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Living in the Moment #HurricaneHermine

As some of you may already know, my husband and I and our three cats survived Hurricane Hermine practically unscathed.  Other than the expected power outage, we had only this heart-stopper:


A rather tall pine twisted and fell between our driveway and our neighbor’s driveway, missing our cars.  As it turns out, even our fence, which helped break the tree’s fall, had minimal damage.  Interestingly, an arborist my husband had recently consulted over some other trees that we want removed, predicted that this particular pine would fall exactly in the way it did.  And the same arborist was able to arrange for a crew to come the next day and take down this pine, although we have to wait for the city to pick up the remains.  Click on the following link below for a time-lapse of the tree removal.  It took about 17 minutes, or …

$100 a minute

Still, I’m feeling pretty lucky.  We ventured out for a bit on Saturday, to get some ice since by then we had been out of power for almost 36 hours.  It still makes my stomach lurch to think of the homes we saw, where trees had fallen, caving in their roofs or crushing their cars.  And I know that as I write this post, in the wee hours of Monday morning, a lot of people still don’t have power.

So I’m very grateful.  In particular, I’m grateful for my husband, for the common-sense survival skills he developed growing up in South Florida when hurricanes were all too common, and for the awesome cooking skills he developed during his two years in the Peace Corps.  He can whip up a mean three egg and brie omelet on a little two-burner propane stove.  I know that without him I would have been a basket case.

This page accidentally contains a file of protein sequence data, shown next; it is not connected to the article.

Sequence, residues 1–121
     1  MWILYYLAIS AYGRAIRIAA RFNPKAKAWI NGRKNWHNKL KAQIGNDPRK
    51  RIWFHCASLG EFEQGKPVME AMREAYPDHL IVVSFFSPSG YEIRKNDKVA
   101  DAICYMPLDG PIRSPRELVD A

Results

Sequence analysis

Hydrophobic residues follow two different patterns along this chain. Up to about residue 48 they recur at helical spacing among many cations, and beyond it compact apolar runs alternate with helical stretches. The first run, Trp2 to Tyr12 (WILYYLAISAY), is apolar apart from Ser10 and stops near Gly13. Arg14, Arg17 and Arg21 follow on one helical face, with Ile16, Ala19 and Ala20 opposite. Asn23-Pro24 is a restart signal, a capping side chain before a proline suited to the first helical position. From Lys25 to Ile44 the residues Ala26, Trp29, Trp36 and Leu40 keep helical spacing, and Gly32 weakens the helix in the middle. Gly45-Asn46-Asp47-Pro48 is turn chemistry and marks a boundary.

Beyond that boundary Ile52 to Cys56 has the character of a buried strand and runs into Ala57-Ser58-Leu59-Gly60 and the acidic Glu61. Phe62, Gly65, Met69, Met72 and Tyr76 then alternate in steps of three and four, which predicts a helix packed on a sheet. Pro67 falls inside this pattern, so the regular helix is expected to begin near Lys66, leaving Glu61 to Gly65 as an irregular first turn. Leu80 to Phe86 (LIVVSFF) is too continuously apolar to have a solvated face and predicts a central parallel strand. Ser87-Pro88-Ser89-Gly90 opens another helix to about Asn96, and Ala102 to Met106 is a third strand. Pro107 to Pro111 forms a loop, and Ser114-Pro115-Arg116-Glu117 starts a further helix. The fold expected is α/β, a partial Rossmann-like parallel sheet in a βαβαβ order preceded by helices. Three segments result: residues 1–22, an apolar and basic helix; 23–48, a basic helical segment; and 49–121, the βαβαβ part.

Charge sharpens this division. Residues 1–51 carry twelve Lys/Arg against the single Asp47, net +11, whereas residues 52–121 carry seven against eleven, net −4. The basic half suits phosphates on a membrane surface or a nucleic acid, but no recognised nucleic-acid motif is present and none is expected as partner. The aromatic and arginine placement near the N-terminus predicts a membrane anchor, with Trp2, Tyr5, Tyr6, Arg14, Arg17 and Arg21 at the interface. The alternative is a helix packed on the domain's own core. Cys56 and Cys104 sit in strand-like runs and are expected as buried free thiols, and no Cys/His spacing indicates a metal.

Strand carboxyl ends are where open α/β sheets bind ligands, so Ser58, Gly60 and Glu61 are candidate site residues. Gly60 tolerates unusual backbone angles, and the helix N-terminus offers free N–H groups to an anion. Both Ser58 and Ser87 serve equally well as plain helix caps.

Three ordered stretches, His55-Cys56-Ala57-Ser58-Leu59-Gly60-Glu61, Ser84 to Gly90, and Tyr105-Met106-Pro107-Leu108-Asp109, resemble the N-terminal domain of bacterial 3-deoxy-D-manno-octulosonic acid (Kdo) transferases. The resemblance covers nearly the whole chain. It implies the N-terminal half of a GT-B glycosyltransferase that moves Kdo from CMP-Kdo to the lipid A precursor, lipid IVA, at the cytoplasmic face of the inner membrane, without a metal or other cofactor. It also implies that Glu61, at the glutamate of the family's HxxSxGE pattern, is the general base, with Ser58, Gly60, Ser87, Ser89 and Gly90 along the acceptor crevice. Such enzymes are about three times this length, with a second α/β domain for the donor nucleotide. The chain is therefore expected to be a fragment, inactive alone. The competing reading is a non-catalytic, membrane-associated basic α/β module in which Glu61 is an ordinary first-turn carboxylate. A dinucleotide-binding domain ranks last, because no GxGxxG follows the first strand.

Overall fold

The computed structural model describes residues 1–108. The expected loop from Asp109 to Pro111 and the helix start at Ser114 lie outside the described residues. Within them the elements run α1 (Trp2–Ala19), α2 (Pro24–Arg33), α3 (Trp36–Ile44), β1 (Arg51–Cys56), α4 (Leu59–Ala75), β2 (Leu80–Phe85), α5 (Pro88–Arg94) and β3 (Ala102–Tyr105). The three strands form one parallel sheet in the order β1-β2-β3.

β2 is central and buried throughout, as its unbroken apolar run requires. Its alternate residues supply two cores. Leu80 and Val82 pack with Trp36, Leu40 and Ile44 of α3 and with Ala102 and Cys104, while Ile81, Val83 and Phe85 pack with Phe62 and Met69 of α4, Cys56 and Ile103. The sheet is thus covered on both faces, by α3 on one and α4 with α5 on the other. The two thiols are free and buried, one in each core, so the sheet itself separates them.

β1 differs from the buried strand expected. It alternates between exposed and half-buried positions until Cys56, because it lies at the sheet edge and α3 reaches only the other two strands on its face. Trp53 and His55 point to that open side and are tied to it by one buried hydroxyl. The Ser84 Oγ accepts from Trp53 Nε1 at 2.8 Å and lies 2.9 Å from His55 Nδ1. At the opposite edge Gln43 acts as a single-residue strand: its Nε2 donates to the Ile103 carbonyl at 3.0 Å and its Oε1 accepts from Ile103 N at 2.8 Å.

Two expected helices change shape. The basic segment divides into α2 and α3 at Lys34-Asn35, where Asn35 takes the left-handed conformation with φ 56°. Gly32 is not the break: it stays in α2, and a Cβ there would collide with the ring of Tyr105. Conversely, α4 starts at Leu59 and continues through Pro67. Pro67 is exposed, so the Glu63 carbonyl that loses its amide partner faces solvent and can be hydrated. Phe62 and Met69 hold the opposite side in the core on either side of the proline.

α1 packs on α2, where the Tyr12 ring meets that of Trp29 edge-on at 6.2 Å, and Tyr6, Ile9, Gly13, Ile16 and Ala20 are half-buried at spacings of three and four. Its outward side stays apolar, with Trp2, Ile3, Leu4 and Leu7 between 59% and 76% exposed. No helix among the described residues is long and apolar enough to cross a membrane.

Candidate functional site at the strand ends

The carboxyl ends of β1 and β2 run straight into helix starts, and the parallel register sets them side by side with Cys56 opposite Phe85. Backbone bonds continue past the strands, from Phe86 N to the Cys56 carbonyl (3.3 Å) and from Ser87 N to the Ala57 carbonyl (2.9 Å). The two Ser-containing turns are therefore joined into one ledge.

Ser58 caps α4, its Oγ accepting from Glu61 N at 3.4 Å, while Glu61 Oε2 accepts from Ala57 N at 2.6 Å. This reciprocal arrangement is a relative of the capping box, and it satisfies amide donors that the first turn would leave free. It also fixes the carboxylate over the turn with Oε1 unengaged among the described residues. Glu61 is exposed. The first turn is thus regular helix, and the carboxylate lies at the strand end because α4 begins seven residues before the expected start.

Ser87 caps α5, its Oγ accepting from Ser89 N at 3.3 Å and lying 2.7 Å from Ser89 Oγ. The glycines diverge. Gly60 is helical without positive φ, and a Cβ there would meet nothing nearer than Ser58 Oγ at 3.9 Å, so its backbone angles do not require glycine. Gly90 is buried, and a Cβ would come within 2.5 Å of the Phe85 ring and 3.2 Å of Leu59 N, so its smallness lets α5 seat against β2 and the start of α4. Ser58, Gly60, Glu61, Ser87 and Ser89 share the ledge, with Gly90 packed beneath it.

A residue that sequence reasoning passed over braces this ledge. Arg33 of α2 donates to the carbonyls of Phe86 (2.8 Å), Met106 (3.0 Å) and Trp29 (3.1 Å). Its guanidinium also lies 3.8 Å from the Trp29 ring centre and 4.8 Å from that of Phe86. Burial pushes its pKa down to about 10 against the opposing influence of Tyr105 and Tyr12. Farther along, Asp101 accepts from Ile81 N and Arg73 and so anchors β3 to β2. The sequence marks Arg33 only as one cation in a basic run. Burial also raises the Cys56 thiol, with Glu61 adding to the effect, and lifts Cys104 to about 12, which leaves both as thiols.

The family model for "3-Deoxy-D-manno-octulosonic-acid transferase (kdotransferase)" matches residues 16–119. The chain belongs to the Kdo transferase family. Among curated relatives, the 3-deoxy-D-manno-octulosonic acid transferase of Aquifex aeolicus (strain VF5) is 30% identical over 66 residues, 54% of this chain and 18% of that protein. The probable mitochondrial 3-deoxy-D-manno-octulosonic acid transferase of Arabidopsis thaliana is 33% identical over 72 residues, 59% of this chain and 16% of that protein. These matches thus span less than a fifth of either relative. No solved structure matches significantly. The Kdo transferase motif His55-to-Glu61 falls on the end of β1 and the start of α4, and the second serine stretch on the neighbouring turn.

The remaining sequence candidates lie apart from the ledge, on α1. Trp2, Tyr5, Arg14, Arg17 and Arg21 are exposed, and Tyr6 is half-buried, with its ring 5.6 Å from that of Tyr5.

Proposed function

I have one confession:  being off the grid was actually nice while it lasted.  We read until dark and then sat in the dark, talking.  And the dark was wonderful … except for the neighbor’s generator, there was a peacefulness to the darkness.  For 36 hours we were untethered.  When I had service, I used my cell phone only to call my mom.  I started to remember how I used to entertain myself before the internet, before Facebook, before blogging.  Somehow I used to keep myself pretty busy back then, knitting, sewing, and writing stories that no one would read.

But I missed all of you.  I missed reading your stories, your adventures, your gripes du jour.  I missed your humor and your thoughtfulness, your poetry. I missed the joy of your latest publications and the angst of your recent rejections.  I missed this community that I now realize I sometimes take for granted.

So I return to the grid, but with a keener appreciation for the wealth in my world:  my husband, my cats, my neighbors, my family, my friends–all those both on and off the grid.

I leave you with a sign of life returning to normal:

Wendy chillin' after the hurricane.

Wendy chillin’ after the hurricane.

Categories: Blogging

Tagged as:

Marie A Bailey

Writer, blogger, knitter, cat lover, and introvert.

35 replies

  1. Glad you managed to stay safe. I remember Hurricane Charley all too well. 9 days without power where I was working at the time. My apartment was fine, cause it was on the Emergency Center’s power grid…but work was horrid.

    Liked by 1 person

    1. Thanks, Susan. Ah, Charley was horrific. Those were particularly bad years for many Floridians with Charley, Frances, Wilma, and a few others. We still have a lot of people without power, but they had projected it could take up to a week.

      Liked by 1 person

  2. I’m so happy to hear your power has been restored and all is well, Marie. We were down in Myrtle Beach when Hermine came through. It was rough, but interesting to see Mother Nature in action. Enjoy the holiday! xo

    Liked by 1 person

    1. Thanks, Jill. Gee, did you purposely go to Myrtle Beach to get up close and personal with Hermine?? Just kidding. Although we had warning, it was still a surprise that Hermine made a direct hit on St. Marks, a small coastal town only 30 miles from us. I’m really hoping Hermine is my last hurricane 😉